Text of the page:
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Contraceptive Implant

Contraceptive Implant

The contraceptive implant is a small, flexible plastic tube, 40mm long, which is placed just under the skin in the upper arm. It releases the hormone progestogen to control your fertility. It is inserted by a trained doctor or nurse and lasts for three years.

The implant stops the release of an egg from the ovary by slowly releasing progestogen into your body. Progestogen also thickens the cervical mucus and thins the womb lining. This makes it harder for sperm to meet an egg, and less likely for your womb to accept a fertilised egg.

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Key Facts

  • The contraceptive implant is over 99% effective
  • It’s a long acting reversible method of contraception (LARC)
  • It’s useful for women who find it difficult to take the pill everyday
  • The implant does not protect you against sexually transmitted infections (STIs) so you will need to use condoms as well
     

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Who can use the implant?

Most women can be fitted with the contraceptive implant. It may not be suitable if you:

  • think you might be pregnant 
  • want to keep having regular periods  
  • have bleeding in between periods or after sex 
  • have arterial disease or a history of heart disease or stroke 
  • have a blood clot in a blood vessel (thrombosis) 
  • have liver disease  
  • have migraines 
  • have breast cancer or have had it in the past 
  • have diabetes with complications 
  • have cirrhosis or liver tumours 
  • are at risk of osteoporosis   

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After having a baby

You can have the contraceptive implant fitted immediately after you have given birth. It is also safe to use the implant while you are breastfeeding.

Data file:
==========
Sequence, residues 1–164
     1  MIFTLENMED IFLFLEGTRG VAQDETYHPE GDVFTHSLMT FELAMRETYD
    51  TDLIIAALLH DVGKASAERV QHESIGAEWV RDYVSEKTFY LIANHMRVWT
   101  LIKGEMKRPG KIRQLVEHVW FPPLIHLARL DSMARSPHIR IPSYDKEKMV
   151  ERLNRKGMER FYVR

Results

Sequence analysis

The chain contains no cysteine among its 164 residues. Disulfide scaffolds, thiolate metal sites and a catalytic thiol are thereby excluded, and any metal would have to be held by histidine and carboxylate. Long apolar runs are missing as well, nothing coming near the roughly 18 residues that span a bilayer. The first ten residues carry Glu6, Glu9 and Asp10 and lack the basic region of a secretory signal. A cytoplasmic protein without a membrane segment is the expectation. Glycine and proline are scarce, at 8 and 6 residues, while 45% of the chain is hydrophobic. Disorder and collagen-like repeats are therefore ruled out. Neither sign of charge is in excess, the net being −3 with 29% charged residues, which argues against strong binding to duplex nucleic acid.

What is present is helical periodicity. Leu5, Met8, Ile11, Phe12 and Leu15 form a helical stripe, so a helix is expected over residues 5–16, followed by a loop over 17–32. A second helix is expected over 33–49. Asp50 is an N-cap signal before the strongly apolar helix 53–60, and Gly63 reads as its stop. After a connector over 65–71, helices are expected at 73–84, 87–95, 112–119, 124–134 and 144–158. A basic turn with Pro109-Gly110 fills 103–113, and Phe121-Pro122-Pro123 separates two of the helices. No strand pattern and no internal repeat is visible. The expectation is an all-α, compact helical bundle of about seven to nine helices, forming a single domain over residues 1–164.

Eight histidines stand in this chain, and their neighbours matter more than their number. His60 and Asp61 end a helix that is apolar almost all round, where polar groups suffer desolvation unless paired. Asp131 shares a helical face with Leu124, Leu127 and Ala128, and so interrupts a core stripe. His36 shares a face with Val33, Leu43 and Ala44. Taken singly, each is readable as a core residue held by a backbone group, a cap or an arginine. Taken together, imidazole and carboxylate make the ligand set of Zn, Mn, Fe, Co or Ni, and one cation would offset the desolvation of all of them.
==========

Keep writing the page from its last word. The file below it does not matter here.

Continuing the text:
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After a miscarriage or abortion

The implant can be fitted immediately after a miscarriage or an abortion, and you will be protected against pregnancy straight away.

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Advantages and disadvantages

Advantages

  • it doesn’t interrupt sex
  • it works for up to three years
  • Your fertility returns to normal as soon as its removed
  • There is no evidence it causes additional weight gain

Disadvantages

  • Some medicines reduce the implants effectiveness
  • It may disrupt your bleeding patterns making them irregular or stop altogether
  • It’s common to experience temporary side effects during the first few months, such as headaches, breast tenderness and mood swings

Free and confidential advice and support

Contact a sexual health adviser


The Passionate about Sexual Health (PaSH) Partnership) is a collaboration between BHA for Equality, George House Trust and the LGBT Foundation. The PaSH Partnership will deliver a comprehensive programme of interventions to meet the changing needs of people newly diagnosed with HIV, living longer term with HIV or at greatest risk of acquiring HIV.

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